Tanzanian project uses a solar-powered MP3 player to educate women who can’t read

Tanzanian project uses a solar-powered MP3 player to educate women who can’t read

A project by a German non-profit social enterprise, URIDU, and Tanzania’s Ministry for Health and Social Welfare, is using a solar-powered MP3 player to provide health education to women who can’t read in rural parts of the East African country.

Named the MP3forLife Player, the solar-powered device developed by URIDU is said to contain more than 400 answers to questions about health, nutrition, family planning, child care, work safety and other topics.

“We conceived the MP3forLife Player for small group listening – it fosters discussion, exchange and group building,” said Felicitas Heyne, psychologist and founder of URIDU.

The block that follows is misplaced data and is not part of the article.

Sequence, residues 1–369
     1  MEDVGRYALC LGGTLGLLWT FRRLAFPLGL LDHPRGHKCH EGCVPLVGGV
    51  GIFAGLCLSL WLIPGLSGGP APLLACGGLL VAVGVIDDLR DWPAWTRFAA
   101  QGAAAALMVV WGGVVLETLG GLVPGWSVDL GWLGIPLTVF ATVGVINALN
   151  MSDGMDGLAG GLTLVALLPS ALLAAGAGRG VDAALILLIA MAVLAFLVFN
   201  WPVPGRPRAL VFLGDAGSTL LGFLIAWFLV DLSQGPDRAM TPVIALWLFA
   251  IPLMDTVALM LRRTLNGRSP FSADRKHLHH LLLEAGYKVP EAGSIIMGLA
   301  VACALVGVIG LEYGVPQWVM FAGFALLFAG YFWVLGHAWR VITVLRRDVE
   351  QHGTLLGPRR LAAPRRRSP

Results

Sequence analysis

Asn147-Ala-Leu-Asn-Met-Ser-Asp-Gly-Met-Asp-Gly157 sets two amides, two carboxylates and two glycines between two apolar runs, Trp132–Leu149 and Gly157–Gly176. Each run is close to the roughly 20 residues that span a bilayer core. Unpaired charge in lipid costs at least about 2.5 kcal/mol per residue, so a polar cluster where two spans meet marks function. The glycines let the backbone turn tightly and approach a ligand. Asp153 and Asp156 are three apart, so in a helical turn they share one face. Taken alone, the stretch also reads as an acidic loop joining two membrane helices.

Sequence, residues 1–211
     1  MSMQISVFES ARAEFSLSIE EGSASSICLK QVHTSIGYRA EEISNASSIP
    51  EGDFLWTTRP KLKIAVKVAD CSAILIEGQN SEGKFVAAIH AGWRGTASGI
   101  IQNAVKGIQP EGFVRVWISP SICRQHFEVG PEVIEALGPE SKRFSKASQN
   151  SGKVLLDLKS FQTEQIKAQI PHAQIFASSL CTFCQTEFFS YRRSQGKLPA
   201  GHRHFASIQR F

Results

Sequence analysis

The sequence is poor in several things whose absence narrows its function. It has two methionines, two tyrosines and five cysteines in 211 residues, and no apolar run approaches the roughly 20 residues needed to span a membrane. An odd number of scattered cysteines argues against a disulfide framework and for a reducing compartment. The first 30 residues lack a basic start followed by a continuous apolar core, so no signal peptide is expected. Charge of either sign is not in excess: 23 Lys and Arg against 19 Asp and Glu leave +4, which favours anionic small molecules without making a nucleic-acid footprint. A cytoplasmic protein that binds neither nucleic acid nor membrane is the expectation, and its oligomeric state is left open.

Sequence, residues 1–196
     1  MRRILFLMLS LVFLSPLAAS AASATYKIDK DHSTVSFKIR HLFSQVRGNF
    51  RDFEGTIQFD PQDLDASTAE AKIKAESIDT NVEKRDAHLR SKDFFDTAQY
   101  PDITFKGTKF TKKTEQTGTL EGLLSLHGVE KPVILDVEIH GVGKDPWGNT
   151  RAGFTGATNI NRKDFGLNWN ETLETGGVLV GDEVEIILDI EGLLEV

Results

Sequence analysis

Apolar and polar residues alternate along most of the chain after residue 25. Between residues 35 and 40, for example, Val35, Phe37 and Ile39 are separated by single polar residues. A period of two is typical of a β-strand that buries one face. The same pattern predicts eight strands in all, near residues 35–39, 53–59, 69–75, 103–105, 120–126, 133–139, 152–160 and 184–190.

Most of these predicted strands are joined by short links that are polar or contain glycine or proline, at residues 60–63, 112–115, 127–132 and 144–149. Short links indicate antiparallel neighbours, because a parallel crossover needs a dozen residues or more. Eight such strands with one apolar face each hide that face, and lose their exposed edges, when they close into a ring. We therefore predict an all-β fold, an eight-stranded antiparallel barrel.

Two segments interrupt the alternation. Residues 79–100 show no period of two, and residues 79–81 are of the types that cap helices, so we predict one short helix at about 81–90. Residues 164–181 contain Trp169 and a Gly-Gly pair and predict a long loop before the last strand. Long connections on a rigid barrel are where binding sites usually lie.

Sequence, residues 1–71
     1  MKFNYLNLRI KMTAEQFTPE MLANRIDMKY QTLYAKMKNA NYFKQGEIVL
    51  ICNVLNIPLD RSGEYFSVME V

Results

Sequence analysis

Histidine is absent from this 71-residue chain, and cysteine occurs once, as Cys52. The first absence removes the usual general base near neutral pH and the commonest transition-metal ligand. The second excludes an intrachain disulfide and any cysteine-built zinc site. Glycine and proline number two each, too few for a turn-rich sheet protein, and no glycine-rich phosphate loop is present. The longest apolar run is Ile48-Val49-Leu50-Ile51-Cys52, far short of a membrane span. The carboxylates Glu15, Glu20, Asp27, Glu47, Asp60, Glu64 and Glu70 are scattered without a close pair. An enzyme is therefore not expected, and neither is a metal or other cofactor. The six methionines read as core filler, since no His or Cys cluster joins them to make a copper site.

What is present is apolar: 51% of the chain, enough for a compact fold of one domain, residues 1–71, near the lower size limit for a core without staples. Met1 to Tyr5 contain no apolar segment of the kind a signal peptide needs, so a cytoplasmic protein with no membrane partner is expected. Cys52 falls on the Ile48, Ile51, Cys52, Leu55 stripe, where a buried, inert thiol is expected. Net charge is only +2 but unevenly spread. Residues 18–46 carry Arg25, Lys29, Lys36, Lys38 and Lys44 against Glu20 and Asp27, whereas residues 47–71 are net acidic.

Considering the various topics covered and the wealth of information available on them that is relevant for the MP3forLife users, it is quite a process to get all the information converted into audio. URIDU say that “all texts are translated with the help of more than 10.000 volunteers from over 100 countries who participate in a unique crowdsourcing effort. Once the information has been translated it is recorded by a native speaker of the target language”.

The MP3forLife plsyers are distributed for free to those women who need them with the assistance of NGOs in Tanzania.

“We want to provide basic knowledge to illiterate rural women, but we also want to create a team spirit among them. They are key to positive change in their countries. Wherever women are empowered, a favorable spiral is set in motion. Health and education improve, populations stabilize, economies grow.” said Heyne in conclusion.

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